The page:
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Japanese prints were last shown as a group at the MFA during the 40th anniversary year in 2005, and the majority of the more than 40 works in this new exhibition are on view for the first time. One of the world’s great artistic traditions, Japanese prints are known for their technical accomplishment, superlative design, and sheer beauty.

"Images of the Floating World and Beyond: Japanese Woodblock Prints" extends from the late eighteenth century to an example from the twenty-first. The exhibition opens Saturday, May 9, and continues through Sunday, August 16. Director Emeritus Dr. John E. Schloder has curated the show with Stephanie Chill, M.A. He will introduce the works in a lecture on opening day at 3 p.m.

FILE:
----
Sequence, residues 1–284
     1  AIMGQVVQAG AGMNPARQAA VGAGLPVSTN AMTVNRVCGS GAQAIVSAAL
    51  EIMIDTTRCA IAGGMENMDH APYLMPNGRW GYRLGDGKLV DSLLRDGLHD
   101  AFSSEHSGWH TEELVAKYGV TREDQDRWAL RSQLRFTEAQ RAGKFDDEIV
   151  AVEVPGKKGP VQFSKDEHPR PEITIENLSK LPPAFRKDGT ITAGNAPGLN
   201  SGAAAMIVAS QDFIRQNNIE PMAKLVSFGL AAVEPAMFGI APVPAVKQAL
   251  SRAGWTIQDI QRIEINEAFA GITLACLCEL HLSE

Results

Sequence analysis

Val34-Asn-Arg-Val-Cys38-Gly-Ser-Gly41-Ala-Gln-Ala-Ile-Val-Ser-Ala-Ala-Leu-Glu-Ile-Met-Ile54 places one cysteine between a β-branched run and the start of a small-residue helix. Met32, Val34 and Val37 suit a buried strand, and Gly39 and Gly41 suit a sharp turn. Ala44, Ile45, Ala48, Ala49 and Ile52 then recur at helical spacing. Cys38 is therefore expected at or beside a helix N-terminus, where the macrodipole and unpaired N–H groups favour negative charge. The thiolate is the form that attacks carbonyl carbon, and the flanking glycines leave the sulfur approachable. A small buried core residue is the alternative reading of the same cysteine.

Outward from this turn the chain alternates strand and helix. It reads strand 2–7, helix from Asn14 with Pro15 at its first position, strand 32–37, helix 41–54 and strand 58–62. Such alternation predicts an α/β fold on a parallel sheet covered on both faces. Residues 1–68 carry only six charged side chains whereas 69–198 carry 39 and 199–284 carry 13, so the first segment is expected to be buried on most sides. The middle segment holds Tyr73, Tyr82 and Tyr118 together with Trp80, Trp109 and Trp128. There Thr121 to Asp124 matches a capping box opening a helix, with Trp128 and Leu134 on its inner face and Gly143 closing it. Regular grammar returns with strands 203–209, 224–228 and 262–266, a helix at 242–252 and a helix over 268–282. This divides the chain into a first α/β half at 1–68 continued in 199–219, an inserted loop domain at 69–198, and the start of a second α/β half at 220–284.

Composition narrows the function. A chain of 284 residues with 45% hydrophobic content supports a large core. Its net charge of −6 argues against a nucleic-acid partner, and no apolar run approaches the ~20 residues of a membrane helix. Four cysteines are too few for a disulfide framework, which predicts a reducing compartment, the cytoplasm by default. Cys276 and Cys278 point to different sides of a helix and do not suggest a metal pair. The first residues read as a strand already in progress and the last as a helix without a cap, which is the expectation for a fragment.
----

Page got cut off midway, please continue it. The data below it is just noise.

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"Rembrandt: A Decade of Brilliance (1648-1658)" now at the Hoehn Family Galleries at the University of San Diego, teams a core group of outstanding etchings owned by local resident Robert Hoehn—one of the world’s foremost private collectors of Rembrandt prints—with distinguished examples from public and private collections in the U.S. and Europe. The show focuses on the years of Rembrandt’s most intense experimentation with etching, when the Dutch master harnessed the medium’s demanding technical processes to his artistic vision, particularly in his biblical narratives, creating some of the most ambitious and fully realized works in the history of printmaking. The show allows us to compare multiple versions of significant images side-by-side to tease out the specific procedures Rembrandt employed to achieve the resplendent effects of his greatest graphic masterpieces.